I am also a Scotch drinker; have been for a long time. Scotch is the only type of alcohol with which I can attain the proverbial “three sheets to the wind”, yet awaken the next day with no hangover. I have always attributed this to the fact that Scotch is usually (in my case always) imbibed either “neat” (all by its little lonesome) or with water in one form (on-the-rocks) or another (with, what else, water). There is nothing froo-froo about drinking Scotch. Nevertheless, while not necessary, adding a twist (for those of you who do not drink, a twist is a sliver of lemon peel, the twisting of which releases a spritz of essential oils; it is not a wedge of lemon or lime from which the juice gets squeezed into a drink) adds just the right amount of subtle citrus flavoring which, to my palate, goes well with the smoky earthiness of Scotch.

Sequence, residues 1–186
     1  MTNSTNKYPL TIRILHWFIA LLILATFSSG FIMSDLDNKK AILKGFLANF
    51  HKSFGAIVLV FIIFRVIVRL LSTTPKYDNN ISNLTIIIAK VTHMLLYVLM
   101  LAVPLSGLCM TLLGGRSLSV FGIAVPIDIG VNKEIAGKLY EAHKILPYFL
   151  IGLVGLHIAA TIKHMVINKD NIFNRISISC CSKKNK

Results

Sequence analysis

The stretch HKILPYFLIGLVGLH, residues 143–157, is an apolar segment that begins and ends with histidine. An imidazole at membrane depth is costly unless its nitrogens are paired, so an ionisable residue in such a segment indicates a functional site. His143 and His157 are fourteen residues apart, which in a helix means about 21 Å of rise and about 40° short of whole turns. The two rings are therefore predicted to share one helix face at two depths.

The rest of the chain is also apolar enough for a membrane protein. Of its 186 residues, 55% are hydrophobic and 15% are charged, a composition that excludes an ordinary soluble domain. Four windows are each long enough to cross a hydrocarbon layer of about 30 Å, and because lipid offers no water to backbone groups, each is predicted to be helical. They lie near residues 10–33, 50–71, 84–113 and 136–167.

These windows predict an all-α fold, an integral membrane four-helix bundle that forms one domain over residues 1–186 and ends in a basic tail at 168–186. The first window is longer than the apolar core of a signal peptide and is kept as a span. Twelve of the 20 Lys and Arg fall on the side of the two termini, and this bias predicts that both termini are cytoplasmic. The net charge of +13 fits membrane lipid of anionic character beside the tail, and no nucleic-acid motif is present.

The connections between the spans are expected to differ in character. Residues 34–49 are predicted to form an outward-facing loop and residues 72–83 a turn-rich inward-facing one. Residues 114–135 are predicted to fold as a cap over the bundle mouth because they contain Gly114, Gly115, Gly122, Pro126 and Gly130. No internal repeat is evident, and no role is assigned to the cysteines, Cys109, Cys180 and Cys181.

So, here’s the problem. Why is it April, or Jonathon, or Heather, or William can never, ever remember I asked for that little twist of lemon? Why am I always put in the position of accusing my server of not being able to do their job as well as I think I have the right to anticipate? Mind you, I’m a good tipper and I’m not really all that demanding. I grew up in and around the food business and have spent a fair amount of time putting up with demanding patrons at eating establishments. I know how difficult it can be and I appreciate someone who does it well. I frequently tip 20% of the total (including drinks and sales tax), even if they forget my twist.